6. BEA release says its –2.8% for SD Q1 2016 (like the rest of its data) is seasonally adjusted. Iowa and Nebraska had Q1 negs similar to ours in 2015 and 2016. Hmmm….

  7. I think the state bureau and the BEA use different adjustment factors. The state graph does not feature as much variation in growth as the BEA chart. This may be because the state statisticians use different numbers to kinda smooth out the numbers a bit. This seems to be a good example of that quote by Mark Twain concerning damn lies and statistics.

  8. I think there should be some incentive for businesses to get our youth off the court and behind a broom, but paying them less sends the wrong message.

  9. Uh oh! Chip gets me thinking of one reason I could support lower wages for kids: maybe it would encourage them to stay in school and join the debate team! :-D

    Rob H, whatever numbers the state is using, I would think that numbers I cite directly from state government would be the most credible I can use to make an argument about South Dakota policy. Those are the numbers on which the Legislature bases its decisions, right?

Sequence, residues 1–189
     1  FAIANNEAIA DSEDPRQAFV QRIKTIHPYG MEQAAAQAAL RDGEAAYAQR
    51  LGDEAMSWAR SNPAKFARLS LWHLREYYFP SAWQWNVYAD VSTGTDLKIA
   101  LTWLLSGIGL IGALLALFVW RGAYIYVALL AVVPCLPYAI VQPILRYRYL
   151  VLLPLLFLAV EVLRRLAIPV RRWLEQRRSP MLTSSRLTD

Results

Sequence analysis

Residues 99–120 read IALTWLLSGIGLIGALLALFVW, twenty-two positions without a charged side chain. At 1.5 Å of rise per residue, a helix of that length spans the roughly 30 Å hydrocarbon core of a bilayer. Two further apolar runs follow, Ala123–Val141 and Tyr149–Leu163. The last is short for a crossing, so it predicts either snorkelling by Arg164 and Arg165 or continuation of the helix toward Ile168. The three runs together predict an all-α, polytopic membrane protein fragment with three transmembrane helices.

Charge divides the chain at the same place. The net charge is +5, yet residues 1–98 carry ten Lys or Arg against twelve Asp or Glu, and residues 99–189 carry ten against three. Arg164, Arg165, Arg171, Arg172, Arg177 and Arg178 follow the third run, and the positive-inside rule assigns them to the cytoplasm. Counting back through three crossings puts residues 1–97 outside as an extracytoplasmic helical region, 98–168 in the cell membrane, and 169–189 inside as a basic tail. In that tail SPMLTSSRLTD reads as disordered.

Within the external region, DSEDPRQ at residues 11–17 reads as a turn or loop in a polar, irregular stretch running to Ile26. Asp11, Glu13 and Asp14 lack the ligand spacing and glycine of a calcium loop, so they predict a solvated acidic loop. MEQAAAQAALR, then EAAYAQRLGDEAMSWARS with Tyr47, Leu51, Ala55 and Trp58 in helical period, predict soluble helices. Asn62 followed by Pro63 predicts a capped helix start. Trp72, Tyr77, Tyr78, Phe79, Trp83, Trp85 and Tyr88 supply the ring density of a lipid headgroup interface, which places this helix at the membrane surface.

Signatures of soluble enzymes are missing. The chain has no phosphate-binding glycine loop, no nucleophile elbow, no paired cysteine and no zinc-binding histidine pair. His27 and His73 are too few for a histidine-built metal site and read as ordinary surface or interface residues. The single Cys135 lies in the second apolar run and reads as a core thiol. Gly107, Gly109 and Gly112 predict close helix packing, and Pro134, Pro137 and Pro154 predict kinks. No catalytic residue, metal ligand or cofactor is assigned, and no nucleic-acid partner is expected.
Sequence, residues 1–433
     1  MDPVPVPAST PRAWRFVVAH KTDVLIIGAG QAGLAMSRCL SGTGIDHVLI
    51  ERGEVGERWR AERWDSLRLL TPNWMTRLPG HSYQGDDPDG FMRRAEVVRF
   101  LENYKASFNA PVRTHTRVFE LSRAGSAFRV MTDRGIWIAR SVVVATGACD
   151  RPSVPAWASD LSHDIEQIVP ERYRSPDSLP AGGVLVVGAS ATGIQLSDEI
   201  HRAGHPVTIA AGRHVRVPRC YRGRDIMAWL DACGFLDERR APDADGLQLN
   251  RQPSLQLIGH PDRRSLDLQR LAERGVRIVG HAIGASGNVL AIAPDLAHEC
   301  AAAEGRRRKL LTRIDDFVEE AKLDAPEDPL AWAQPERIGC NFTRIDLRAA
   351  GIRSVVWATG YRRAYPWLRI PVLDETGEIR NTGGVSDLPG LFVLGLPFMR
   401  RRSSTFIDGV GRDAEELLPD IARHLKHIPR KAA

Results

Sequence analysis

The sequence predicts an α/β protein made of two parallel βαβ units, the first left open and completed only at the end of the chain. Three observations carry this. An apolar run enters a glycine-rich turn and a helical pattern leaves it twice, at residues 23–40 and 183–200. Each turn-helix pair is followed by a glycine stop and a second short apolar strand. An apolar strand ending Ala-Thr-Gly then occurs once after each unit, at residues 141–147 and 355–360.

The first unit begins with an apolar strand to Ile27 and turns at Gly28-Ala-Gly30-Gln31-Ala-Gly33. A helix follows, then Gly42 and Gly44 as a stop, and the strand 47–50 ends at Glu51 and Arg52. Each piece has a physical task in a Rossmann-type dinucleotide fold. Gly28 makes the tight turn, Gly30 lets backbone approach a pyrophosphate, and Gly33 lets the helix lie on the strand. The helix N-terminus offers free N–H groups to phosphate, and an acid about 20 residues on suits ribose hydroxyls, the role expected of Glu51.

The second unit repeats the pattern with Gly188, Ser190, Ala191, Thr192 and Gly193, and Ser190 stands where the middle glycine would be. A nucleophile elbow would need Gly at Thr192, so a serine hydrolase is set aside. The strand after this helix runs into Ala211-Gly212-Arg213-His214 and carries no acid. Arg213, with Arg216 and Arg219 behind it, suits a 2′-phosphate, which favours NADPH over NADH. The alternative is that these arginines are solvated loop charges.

(But again, let’s remember, Rob H and I aren’t going to squabble too hard over the provenance of these numbers, because we neither one believe the minimum wage is having a big impact on whatever those numbers are measuring.)

  10. I have a tough time with minimum wage increases in general.

    #1 We don’t have an income problem nearly as much as we have an expense problem (notice I didn’t say spending problem). Increased hourly wages do nothing to curb rising costs.

    #2 We should concentrate on providing healthcare coverage before we worry about increasing hourly wages.

    #3 Wage increases are more of a strain on small businesses than they are on larger competing corporations, which is the opposite of what we need.

    I’m not saying that don’t support wage increases, but these things I feel need to be considered.

  11. Chip, at our Dem candidates’ forum at NSU last week, a restaurant owner raised similar concerns about the minimum wage. He sounded alarmed at the prospect fo going to Bernie Sanders’s promised $15/hour. I agree that we have to consider just how much small business can bear when we consider raising the minimum wage, and I’m open to debate about what specific dollar figure represents a fair balance of basic worker rights and business needs. Practically, I’m willing to leave South Dakota’s minimum wage where it is (that annual cost of living adjustment reduces the pressure to revisit the issue) and focus on other policies that do more to protect workers from rising costs… like Medicaid expansion for workers at the low end and increasing state support for post-secondary education.